Peacock Bass are one of the most beautiful species of fish in the world, and they are highly prized by anglers.
Luckily, you don’t have to travel to Central or South America to catch these amazing fish.
In this guide, I’m going to tell you everything you need to know to find and catch Peacock Bass in Florida.
Table of Contents
Where To Catch Peacock Bass In Florida
Butterfly Peacock Bass were introduced to the state of Florida in the early 1980s, and ever since then they have established a small, but plentiful home range in the canals and waterways of South Florida.
Palm Beach, Broward and Miami/Dade counties are the primary range for Peacock Bass, but they have been caught as far west as Collier County and as far north as Martin County.
You are in luck because many of these locations are easily accessible by foot, or in a boat!
Peacock Bass Range Map
South Florida has hundreds of miles of canals, ditches, dikes, and spillways that are teeming with exotic fish, including the prized peacock bass.
The Florida Fish and Wildlife Conservation Commission publishes detailed guides and reports on accessing and navigating these canals.
And if you want to catch a peacock bass, that’s where you should go!
Below is a detailed table of the public canals and waterways in Florida where you can catch peacock bass:
|Location Name||County||Map Link|
|Black Creek Canal||Miami-Dade||C-1 Canal Map & Info|
|Snapper Creek Canal||Miami-Dade||C-2 Canal Map & Info|
|Tamiami Canal||Miami-Dade||C-4 Canal Map & Info|
|Snake Creek Canal||Miami-Dade||C-9 Canal Map & Info|
|South New River Canal||Broward||C-11 Canal Map & Info|
|Cypress Creek Canal||Broward||C-14 Canal Map & Info|
|Earman River Canal||Palm Beach||C-17 Canal Map & Info|
|Loxahatchee Slough Canal||Palm Beach||C-18 Canal Map & Info|
|Bessie Creek Canal||St. Lucie/Martin||C-23 Canal Map & Info|
|Diversion Canal||St. Lucie||C-24 Canal Map & Info|
|Cutler Drain Canal||Miami-Dade||C-100 Canal Map & Info|
|Aerojet Canal||Miami-Dade||C-111 Canal Map & Info|
|North E-4 Canal||Palm Beach||C-51 Canal Map & Info|
|Central E-4 Canal||Palm Beach||E-4 Canal Map & Info|
|South E-4 Canal||Palm Beach||E-4 Canal Map & Info|
|Hillsboro Canal||Broward/Palm Beach||G-08 Canal Map & Info|
|North New River||Broward||G-15 Canal Map & Info|
|Parkline Canal||Miami Dade||L-31W Canal Map & Info|
|Golden Gate Canal||Collier||Golden Gate Canal Map & Info|
Peacock Bass Lakes In Florida
Lake Ida is a 189-acre lake, located in Palm Beach County near Delray Beach, Florida. It is known for its fantastic exotic species fishing, including the prized Clown Knifefish and Peacock Bass.
Blue Lagoon Lake
Blue Lagoon is part of the Miami Lakes Airport chain, situated just south of the airport. These deep quarried lakes offer great peacock bass fishing, in a unique setting.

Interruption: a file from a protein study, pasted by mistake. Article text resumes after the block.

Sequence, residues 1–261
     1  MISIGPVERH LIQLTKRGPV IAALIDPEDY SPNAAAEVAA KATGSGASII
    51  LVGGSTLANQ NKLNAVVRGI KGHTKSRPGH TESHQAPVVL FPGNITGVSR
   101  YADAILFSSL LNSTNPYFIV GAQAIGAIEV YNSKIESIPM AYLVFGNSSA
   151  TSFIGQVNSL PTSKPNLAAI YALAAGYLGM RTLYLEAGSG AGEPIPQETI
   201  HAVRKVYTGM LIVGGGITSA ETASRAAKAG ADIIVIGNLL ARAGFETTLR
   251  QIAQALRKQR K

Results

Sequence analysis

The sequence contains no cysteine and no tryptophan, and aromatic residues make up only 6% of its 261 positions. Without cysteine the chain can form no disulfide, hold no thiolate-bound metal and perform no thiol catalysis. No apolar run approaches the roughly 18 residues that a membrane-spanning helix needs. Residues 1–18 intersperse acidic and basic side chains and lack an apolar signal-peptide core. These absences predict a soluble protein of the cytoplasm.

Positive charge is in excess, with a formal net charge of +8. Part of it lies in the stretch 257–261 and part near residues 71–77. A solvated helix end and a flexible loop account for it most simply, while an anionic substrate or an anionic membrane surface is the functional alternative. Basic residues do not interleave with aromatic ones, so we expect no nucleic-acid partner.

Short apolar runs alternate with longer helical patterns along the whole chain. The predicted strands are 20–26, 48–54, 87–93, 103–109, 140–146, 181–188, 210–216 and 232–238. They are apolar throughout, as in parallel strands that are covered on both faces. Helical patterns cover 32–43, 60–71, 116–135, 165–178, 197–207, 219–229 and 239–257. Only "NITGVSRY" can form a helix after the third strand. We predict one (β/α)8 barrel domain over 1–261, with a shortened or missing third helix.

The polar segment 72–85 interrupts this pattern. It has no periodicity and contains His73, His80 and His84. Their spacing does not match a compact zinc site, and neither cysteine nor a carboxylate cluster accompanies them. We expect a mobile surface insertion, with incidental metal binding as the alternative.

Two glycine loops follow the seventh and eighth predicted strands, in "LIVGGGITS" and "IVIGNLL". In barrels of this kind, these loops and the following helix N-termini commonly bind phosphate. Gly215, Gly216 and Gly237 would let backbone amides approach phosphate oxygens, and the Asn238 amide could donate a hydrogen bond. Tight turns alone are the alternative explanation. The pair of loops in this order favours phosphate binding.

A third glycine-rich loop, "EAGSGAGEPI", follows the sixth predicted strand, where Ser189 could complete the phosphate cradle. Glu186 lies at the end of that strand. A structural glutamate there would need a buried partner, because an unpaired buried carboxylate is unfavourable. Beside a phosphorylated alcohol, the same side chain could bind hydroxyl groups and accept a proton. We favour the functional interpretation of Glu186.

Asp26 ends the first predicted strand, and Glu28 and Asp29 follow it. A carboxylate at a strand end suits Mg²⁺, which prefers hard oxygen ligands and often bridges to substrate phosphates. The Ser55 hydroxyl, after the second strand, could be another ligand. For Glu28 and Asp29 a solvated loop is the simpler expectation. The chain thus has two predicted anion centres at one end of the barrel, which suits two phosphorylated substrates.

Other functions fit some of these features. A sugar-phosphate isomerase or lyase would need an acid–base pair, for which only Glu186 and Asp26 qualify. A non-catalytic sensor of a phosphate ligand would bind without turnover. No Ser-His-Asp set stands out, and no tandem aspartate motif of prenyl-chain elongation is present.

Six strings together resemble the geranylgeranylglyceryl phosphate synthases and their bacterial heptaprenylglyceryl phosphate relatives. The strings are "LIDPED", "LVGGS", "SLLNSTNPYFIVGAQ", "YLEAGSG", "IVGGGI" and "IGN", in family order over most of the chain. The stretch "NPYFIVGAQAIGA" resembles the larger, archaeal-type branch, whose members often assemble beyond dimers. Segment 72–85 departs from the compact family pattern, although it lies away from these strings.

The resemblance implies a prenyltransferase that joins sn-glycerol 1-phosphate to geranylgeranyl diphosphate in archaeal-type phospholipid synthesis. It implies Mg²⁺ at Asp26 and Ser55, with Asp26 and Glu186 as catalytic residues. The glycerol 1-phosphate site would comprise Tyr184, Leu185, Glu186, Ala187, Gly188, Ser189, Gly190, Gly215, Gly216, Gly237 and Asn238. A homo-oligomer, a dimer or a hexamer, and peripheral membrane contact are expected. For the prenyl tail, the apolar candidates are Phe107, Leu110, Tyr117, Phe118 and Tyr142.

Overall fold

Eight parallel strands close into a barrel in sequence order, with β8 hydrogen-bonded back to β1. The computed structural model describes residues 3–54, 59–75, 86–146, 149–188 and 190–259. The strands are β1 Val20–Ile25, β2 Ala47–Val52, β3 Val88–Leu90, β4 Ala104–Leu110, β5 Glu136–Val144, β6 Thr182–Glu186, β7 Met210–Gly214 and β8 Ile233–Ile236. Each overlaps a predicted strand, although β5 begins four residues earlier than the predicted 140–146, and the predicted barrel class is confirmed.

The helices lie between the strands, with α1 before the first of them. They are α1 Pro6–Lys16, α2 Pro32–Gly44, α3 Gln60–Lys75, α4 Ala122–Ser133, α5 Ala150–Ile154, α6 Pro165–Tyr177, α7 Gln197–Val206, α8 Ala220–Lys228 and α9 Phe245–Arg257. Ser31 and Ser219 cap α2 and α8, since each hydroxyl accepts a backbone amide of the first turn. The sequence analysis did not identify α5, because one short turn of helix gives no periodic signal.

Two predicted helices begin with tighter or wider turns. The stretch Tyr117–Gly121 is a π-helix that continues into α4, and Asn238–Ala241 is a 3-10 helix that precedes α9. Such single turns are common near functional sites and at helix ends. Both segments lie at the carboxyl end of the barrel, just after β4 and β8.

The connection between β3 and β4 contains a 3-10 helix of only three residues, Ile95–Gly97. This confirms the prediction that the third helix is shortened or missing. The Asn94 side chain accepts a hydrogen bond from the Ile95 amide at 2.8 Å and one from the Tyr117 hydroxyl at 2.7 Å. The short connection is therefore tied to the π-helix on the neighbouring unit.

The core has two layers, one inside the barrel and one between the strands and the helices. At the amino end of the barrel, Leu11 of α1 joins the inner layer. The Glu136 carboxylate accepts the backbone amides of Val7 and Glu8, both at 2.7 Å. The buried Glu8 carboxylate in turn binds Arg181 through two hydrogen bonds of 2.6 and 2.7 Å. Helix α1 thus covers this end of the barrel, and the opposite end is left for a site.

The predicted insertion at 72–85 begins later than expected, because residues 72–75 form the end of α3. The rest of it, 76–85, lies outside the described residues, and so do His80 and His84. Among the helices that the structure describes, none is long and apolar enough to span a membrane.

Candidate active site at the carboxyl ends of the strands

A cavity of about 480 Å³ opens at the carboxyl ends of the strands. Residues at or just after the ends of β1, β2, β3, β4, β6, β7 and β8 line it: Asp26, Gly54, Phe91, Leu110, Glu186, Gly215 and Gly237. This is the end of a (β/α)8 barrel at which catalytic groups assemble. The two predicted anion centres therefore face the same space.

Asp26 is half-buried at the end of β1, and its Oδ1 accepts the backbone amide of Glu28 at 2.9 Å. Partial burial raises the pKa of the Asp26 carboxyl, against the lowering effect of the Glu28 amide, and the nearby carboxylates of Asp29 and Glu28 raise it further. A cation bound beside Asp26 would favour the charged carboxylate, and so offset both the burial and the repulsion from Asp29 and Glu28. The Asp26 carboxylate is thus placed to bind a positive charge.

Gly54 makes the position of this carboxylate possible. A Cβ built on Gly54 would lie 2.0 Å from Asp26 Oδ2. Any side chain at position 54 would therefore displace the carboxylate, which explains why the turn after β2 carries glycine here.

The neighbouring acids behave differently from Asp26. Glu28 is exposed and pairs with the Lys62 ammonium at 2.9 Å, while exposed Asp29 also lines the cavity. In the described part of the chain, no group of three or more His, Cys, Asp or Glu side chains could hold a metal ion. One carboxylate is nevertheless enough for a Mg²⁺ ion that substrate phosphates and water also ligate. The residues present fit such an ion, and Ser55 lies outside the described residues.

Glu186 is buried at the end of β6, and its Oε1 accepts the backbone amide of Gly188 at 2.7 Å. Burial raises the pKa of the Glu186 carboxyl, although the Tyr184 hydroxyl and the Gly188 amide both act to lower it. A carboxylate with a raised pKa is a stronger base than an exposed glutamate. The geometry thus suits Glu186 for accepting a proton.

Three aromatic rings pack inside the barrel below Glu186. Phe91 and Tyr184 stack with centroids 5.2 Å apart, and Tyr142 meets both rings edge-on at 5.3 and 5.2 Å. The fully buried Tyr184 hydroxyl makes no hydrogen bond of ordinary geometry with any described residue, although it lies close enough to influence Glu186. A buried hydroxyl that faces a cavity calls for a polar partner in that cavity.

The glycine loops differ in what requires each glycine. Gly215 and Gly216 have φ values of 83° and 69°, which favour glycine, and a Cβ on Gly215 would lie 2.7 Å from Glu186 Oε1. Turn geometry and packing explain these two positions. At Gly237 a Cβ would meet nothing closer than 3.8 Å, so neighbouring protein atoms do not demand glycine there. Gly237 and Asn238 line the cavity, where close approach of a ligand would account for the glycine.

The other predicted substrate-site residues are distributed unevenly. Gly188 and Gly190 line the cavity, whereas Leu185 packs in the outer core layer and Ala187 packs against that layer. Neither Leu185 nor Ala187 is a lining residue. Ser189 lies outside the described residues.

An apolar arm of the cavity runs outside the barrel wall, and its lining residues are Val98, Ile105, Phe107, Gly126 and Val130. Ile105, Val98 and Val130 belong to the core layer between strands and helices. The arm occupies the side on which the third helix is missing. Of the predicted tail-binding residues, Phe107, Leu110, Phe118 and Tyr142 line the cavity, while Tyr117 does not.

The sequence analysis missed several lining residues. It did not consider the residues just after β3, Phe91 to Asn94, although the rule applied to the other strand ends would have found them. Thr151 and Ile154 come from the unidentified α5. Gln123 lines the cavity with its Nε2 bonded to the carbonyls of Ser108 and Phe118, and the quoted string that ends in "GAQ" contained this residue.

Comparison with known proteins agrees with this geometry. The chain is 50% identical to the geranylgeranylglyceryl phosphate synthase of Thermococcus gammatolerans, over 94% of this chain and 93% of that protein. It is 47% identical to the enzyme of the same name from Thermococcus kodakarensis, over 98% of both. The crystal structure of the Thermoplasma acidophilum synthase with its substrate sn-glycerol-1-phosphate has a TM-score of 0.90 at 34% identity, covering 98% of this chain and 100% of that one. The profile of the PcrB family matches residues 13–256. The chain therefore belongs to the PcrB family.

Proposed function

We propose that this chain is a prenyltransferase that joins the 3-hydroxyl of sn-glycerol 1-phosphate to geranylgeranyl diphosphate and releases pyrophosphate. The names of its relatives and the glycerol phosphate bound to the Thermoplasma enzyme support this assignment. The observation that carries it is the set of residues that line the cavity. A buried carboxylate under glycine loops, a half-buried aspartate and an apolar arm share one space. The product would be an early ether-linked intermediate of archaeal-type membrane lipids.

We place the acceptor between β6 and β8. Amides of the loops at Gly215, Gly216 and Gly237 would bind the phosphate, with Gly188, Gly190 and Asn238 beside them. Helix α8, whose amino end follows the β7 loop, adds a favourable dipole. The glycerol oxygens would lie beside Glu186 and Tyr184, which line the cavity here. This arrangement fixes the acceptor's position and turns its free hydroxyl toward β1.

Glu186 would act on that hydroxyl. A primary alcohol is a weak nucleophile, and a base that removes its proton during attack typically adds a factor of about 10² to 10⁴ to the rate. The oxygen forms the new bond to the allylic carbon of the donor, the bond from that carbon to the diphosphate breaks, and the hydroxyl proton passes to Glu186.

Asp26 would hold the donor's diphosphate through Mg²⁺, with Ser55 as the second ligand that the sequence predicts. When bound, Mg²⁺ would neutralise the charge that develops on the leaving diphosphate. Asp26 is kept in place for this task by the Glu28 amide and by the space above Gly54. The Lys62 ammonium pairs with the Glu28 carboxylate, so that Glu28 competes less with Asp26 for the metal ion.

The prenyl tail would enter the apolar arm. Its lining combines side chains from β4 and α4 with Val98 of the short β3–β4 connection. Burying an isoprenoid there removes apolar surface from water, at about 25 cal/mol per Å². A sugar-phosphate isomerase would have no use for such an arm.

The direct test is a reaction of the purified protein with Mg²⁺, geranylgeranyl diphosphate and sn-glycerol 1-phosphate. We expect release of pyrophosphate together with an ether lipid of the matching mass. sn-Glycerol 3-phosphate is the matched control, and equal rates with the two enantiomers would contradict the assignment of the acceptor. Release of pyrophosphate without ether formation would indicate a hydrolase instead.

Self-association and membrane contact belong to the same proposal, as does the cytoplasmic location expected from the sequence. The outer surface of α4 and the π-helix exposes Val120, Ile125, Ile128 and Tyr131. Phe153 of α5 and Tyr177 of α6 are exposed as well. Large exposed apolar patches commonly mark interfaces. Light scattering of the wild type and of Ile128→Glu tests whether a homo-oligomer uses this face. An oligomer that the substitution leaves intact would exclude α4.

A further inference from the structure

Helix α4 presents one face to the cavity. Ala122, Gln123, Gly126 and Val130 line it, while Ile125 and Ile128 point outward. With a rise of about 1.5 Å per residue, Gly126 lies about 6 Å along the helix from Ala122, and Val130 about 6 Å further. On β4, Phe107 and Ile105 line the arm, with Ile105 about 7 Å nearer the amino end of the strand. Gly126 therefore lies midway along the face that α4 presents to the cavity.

Red-Tailed Hawk Lake
Red-Tailed Hawk Lake is another lake part of the Miami Lakes Airport chain with great peacock bass fishing.
Lake Mahar is another popular lake in the Miami Lakes Airport chain. Note: Access may be difficult on this lake.
Markham Park is a nearly 700-acre lake, located outside of Fort Lauderdale in Broward County. This large lake and surrounding canal system offer excellent peacock bass fishing opportunities.
The Everglades and surrounding canals, lakes, and waterways is a massive system, spanning hundreds of square miles.
Within this sprawling eco-system are hidden spots, teeming with exotic fish such as Oscars, Jaguar Guapote, Mayan Cichlids, and of course Peacock Bass.
The Everglades is worth a visit no matter what, but I strongly recommend you hire an experienced guide to put you on the fish.
Best Peacock Bass Lures
Leave the slow presentation baits at home for the largemouth bass…if you want to catch peacock bass on lures you need loud, aggressive, and shiny baits to trigger a predatory response.
Chatterbaits, topwater plugs, spinnerbaits, and jerk-baits all can catch peacock bass.
Click here to see my Top 7 Lures To Catch Peacock Bass In Florida.
When it comes to catching peacock bass, live bait is king!
These aggressive fish respond best to live, or fresh bait. Wild shiners, large minnows, small bluegill, mojarra, and even live shrimp will all catch peacock bass.
Fly Fishing For Peacock Bass
If you’re a fly fishing enthusiast and want an extra challenge, try targeting peacock bass.
You’ll want to use a sinking tip line, to allow your fly to get down into the water column. Leave the dry flies at home, and instead try using weighted eye flies such as a Clouser minnow.
Feather-style flies can work well, especially if you can tie one to resemble a tilapia, cichlid, or baby bluegill (a peacock bass favorite).